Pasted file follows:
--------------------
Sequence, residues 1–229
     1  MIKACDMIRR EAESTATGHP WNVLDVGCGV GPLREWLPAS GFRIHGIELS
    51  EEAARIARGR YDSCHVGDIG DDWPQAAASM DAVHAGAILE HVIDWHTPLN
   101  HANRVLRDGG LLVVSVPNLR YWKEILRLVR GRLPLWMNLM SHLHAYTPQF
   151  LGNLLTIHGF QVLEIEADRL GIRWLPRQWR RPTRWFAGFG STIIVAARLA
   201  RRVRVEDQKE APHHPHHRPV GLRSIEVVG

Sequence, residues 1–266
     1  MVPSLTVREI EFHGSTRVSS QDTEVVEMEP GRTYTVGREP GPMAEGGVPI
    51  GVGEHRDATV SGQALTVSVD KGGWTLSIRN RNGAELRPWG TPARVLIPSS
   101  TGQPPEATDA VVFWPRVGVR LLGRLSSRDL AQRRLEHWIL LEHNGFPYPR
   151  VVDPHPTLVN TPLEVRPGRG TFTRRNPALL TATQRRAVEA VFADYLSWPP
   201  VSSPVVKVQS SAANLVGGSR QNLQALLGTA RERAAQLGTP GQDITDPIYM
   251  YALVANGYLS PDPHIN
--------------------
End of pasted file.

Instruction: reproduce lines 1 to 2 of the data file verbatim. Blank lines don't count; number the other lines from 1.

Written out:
Sequence, residues 1–229
     1  MIKACDMIRR EAESTATGHP WNVLDVGCGV GPLREWLPAS GFRIHGIELS